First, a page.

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					                Computer Languages
I. Variety
This compiler/script classification is actually pointless since

1. Many languages now exist in both forms.

2. It gives no indication to the capabilities of the languages.

We do it this way only because it may appear to be the most significant feature

to a novice.

Tutorials can be found here:

    A. Compiler Languages

         a. BASIC

(Beginners All purpose Symbolic Instruction Code) A programming language developed by
John Kemeny and Thomas Kurtz in the mid 1960s at Dartmouth College. Originally developed
as an interactive, mainframe timesharing language, it has become widely used on small
BASIC is available in both compiler and interpreter form. As an interpreter, the language is
conversational and can be debugged a line at a time. BASIC is also used as a quick calculator.

BASIC is considered one of the easiest programming languages to learn. Simple programs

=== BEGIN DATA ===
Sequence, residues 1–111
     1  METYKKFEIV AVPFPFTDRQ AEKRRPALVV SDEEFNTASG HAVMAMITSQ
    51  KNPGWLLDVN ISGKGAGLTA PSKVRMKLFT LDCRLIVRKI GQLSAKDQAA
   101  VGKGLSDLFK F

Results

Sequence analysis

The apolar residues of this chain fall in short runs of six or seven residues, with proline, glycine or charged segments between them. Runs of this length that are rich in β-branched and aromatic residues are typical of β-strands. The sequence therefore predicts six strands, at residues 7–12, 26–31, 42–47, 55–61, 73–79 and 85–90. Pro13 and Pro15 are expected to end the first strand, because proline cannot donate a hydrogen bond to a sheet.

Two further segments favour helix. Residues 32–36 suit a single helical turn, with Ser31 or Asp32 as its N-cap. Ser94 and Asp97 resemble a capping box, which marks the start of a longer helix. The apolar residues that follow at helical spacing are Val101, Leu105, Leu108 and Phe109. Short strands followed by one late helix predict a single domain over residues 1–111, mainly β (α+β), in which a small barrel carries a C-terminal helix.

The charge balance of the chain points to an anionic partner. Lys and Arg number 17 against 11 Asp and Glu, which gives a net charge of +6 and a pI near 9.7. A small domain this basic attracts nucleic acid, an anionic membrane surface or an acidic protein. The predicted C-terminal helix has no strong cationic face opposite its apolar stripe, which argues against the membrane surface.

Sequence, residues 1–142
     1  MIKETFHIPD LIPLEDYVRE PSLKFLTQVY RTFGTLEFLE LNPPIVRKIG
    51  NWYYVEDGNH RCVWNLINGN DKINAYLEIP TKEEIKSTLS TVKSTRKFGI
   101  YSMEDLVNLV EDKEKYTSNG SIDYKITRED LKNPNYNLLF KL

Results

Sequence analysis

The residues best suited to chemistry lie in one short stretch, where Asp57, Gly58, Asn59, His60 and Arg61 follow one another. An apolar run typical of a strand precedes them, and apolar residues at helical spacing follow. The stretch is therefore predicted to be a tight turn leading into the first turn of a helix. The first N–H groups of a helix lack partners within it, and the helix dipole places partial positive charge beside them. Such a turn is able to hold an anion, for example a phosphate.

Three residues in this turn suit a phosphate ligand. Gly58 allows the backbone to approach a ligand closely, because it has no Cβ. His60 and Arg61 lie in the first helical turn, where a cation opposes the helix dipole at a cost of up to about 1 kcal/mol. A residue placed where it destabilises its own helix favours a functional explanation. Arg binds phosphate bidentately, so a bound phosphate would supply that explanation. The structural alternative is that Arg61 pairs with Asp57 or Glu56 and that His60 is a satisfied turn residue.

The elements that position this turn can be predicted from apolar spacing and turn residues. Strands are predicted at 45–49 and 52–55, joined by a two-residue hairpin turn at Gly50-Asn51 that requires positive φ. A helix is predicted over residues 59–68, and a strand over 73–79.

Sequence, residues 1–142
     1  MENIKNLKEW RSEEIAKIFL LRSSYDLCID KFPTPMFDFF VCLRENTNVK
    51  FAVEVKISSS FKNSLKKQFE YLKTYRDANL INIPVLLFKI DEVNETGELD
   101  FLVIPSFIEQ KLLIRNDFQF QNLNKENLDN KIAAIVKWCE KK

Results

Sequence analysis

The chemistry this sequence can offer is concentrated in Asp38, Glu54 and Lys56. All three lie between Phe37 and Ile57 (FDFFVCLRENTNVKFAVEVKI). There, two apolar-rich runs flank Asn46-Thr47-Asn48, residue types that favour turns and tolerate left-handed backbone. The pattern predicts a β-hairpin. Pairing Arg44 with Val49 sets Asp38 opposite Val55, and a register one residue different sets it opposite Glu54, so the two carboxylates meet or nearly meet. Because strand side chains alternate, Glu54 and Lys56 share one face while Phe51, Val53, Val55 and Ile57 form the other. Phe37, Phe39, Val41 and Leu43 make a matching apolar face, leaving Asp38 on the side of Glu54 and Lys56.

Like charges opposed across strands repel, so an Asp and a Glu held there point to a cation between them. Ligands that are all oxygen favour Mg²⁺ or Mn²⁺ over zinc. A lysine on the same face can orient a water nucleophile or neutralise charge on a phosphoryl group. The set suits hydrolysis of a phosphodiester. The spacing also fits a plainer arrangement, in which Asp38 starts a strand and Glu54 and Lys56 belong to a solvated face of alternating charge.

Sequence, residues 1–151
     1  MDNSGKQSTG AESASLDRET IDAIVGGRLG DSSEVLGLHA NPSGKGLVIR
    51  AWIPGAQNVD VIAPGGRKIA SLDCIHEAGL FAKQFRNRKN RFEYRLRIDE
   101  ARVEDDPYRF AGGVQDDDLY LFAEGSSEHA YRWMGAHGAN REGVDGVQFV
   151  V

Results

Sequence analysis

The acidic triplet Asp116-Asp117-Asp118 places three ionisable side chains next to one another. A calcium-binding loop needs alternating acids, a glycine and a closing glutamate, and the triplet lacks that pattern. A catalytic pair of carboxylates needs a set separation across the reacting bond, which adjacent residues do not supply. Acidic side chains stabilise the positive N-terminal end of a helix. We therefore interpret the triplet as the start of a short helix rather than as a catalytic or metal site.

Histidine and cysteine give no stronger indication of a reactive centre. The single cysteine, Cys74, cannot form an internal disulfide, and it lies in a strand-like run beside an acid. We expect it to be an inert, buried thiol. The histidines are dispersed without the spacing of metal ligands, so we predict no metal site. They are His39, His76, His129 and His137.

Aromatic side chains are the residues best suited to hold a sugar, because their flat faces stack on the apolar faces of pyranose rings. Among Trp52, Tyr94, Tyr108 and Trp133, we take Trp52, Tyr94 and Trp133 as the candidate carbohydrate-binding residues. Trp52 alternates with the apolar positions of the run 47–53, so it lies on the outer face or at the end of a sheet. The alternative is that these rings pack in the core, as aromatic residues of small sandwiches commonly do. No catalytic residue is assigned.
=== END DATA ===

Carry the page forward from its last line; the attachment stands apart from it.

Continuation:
can be quickly written on the fly. However, BASIC is not a structured language, such as Pascal,
dBASE or C, and it's easy to write spaghetti code that's difficult to decipher later.

The following BASIC example converts Fahrenheit to Celsius:

10 INPUT "Enter Fahrenheit "; FAHR

20 PRINT "Celsius is ", (FAHR-32) * 5 / 9

          b. C

A high-level programming language developed at Bell Labs that is able to manipulate the
computer at a low level like assembly language. During the last half of the 1980s, C became
the language of choice for developing commercial software.

C can be compiled into machine languages for almost all computers. For example, UNIX is
written in C and runs in a wide variety of micros, minis and mainframes.